The easiest way to do this is to run the cables behind bits of easily retractable fabric or plastic trim, though you might need to get a bit creative depending on your car. For instance, you might find that to get the best results you’ll need to physically remove certain panels to gain access to hidden spaces. However you do it, just make sure you end up without any dangling cables that could interfere with your operation of the vehicle.
The Garmin Dash Cam Live records in a resolution of 1440p HD at 30 FPS, with a 140-degree lens. Those are pretty good specs, but not exactly mind-blowing either for the price. Still, the result is vibrant daytime recording that can pick up small details which could be important in legal situations. License plates are a great example. You might find them hard to make out on the initial playback of the video above, but pause the clip when we pass a parked vehicle or when an oncoming car approaches and you should be able to make out its plate quite clearly.
As with every camera, night time is a slightly different story. Colors are less clear as you’d expect, but so too are the finer details. To see what I mean, try to read the signposts on the roundabout or the street name that we approach on the left. Even when paused, those are pretty hard to decipher. The same goes for license plates; something which isn’t helped by the glare you get off car headlights (and any other man-made light source).
Can I improve the picture quality?
Yes, you can. The first option to consider is to go into the camera’s settings and fiddle about with those until you get a result that’s just to your liking. For example, the exposure setting can help improve night time recording if you get the balance right beyond default.
Another option is to buy Garmin’s polarized lens filter. This costs a not-insignificant $29.31 / £25.99, but will help to improve the clarity of the image and reduce distracting reflections like the ones you can see in the videos above.
How can I view my footage?
There are a few ways you can view your footage. Firstly, the camera itself has a gallery playback function, and you can also connect it to your laptop to move the files across to your hard drive. Likewise, you could simply insert the memory card into your laptop/PC, but bear in mind you’ll need an adapter if your machine doesn’t have an outlet for MicroSDs.
You can also access your recordings via the Garmin Drive app. More on that next…
LTE Subscription Features
Ok, so here’s the big catch. If you want to gain access to 100% of this dash cam’s functionality, you’re going to have to pay Garmin’s LTE subscription fee. The features that you unlock by paying this fee include a live video stream that you can access via the Garmin Drive smartphone app, and vehicle tracking. That latter feature could prove to be very useful in conjunction with unidentified driver alerts, which you’ll receive if your smartphone isn’t in the car while it’s moving. Ideal for if your car gets stolen.
On top of that, an LTE subscription will allow Garmin to send incident messages to three assigned emergency contacts if you’re unresponsive after a collision is detected. Speaking of which, that collision detection sensor definitely works – I accidentally triggered it when the camera slipped out of my hand during installation. No cameras were hurt in the making of this review though, I promise!
The last feature that an LTE subscription unlocks is Parking Guard. Remember at the top of this review, our friend Richard said the camera would alleviate stress “even when you’re apart from your vehicle”? Well, this is what he was referring to. In this mode, the camera will record while your car is parked, lying in wait to capture the identity of anyone who damages your motor while you’re away. Naturally, the dash cam requires a constant power source even when the engine’s off for Parking Guard to work, so you’ll need to have it hooked up to the OBD2 port.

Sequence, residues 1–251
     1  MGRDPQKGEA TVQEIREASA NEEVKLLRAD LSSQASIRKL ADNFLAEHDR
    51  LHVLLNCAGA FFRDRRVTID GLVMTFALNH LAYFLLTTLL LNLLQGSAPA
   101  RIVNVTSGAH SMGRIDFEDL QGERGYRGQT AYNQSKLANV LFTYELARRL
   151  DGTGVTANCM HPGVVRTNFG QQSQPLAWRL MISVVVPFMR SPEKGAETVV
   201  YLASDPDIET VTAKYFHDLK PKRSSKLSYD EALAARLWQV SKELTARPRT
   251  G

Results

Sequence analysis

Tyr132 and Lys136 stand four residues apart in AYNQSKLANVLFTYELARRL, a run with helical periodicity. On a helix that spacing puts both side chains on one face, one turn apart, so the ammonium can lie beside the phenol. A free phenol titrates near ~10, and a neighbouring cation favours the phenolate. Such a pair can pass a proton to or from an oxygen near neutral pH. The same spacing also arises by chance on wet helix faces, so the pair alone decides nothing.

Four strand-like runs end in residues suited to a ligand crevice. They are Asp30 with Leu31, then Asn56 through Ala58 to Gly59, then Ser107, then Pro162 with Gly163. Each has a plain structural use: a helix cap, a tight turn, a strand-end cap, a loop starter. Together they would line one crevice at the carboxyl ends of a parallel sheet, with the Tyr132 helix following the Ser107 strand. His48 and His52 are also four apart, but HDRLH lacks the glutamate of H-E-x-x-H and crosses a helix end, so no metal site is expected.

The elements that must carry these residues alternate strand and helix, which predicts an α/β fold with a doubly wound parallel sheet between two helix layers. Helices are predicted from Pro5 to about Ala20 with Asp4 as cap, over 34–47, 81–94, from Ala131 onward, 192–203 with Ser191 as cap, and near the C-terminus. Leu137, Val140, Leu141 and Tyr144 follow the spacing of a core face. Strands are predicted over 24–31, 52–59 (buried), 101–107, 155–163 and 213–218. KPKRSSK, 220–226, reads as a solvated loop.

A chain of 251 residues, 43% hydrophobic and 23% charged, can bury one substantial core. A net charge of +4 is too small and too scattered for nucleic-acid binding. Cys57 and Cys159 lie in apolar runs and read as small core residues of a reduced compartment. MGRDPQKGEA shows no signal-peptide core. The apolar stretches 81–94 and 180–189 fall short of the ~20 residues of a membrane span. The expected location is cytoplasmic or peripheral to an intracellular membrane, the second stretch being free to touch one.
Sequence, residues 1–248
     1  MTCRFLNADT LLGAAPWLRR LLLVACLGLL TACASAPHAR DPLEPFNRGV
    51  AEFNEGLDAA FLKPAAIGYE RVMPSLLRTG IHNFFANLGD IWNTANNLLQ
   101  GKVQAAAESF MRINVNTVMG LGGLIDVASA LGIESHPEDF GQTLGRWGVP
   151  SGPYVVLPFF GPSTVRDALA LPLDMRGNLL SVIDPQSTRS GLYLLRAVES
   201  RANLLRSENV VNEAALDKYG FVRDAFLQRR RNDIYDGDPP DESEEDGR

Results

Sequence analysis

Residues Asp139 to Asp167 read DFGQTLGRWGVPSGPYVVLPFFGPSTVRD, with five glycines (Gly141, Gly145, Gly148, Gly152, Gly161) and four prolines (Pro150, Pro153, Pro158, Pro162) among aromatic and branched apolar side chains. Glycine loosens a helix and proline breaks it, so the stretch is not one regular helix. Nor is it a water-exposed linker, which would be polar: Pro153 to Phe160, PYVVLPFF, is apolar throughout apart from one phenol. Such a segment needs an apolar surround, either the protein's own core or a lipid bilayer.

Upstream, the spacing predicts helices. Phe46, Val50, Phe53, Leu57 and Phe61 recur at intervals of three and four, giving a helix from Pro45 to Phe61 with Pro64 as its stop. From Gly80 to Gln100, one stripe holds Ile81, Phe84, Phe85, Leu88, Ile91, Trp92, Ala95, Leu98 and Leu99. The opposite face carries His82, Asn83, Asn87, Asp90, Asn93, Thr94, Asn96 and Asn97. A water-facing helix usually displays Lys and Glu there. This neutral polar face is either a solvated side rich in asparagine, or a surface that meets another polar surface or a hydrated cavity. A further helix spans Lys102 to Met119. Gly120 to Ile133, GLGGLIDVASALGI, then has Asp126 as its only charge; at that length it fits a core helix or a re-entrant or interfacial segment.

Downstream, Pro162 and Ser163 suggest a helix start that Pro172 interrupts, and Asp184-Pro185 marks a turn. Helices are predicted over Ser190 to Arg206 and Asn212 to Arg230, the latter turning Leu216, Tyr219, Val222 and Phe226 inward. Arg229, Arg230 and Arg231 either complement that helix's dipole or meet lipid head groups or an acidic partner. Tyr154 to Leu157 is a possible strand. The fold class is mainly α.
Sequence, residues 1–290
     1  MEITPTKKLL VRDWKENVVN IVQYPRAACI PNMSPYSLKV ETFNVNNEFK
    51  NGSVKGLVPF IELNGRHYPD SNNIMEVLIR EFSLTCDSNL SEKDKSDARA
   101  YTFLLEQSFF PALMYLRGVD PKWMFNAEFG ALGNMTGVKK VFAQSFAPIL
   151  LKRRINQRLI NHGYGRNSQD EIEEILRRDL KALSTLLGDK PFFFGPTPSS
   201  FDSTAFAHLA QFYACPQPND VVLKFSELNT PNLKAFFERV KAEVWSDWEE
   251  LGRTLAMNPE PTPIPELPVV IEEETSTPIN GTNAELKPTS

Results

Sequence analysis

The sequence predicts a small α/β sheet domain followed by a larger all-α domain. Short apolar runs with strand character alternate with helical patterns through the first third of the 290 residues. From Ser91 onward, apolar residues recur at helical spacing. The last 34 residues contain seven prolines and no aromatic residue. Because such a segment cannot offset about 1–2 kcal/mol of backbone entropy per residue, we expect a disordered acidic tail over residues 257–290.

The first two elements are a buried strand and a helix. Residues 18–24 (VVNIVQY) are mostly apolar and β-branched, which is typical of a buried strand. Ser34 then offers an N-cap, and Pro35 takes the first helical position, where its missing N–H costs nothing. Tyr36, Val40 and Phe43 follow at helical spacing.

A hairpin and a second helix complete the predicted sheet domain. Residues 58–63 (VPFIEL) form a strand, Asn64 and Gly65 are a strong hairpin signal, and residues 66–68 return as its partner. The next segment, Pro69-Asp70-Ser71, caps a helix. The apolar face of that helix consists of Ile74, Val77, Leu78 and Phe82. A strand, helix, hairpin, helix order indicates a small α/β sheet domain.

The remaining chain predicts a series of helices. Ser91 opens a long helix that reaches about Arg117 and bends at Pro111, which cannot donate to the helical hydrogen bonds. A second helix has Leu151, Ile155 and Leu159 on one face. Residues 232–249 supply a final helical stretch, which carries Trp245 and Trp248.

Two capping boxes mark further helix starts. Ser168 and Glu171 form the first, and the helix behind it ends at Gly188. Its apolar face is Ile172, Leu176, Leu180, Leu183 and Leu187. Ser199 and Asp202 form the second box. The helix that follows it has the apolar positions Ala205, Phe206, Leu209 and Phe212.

How much does an LTE Subscription cost?
You’ve got two options when it comes to the LTE subscription itself. For $/£9.99 per month you can have your recordings stored for a week, but $/£19.99 per month will keep them in the Garmin Vault for 30 days. To be frank, that’s a lot of money over the course of the year, and is a bit of a disappointment when you consider that other dash cam manufacturers don’t hide these functions away behind a paywall. Admittedly, such alternatives like the Thinkware U3000 have a much higher retail price to begin with, but if you’re paying the most expensive subscription, that price gap reduces to nil over the course of around a year anyway.
There are, however, some extra features which don’t require a subscription to access. For example, you can use your voice to command the dash cam rather than the buttons on the right side of its screen – handy when you’re on the move. You can also make nice little home movies/social media clips with recording features such as Travelapse.
Garmin has also equipped the Dash Cam Live with driver assist features. These consist of things like traffic light/speed camera detection, lane departure warnings and proximity warnings. During my time with the dash cam I found these to be very non-invasive, and very infrequent (speed camera detection aside, which will notify you of each and every one regardless of your speed). I personally enjoyed that because I don’t care much for these sorts of nannying assists, but if you’re the sort of person who gets use out of them, you might wish they were a little more eagerly present.
Overall, the Garmin Dash Cam Live is a very capable product which is easy to install and records high-quality footage. It has the feel of a real top quality device, even down to the packaging. Some might wish it had a rear camera to support it, but in my eyes, the biggest disappointment is that LTE subscription fee. It’s undeniably costly and could easily put someone off buying this dash cam, which is already priced relatively high straight out the gate. However, if you can live without Parking Guard or any of the other LTE features, the core product is definitely one that I’d recommend. Though, if you don’t fancying paying the subscription and just want a basic dash cam that records good quality footage, you might be better off looking a bit lower down Garmin’s product range and saving yourself some extra cash.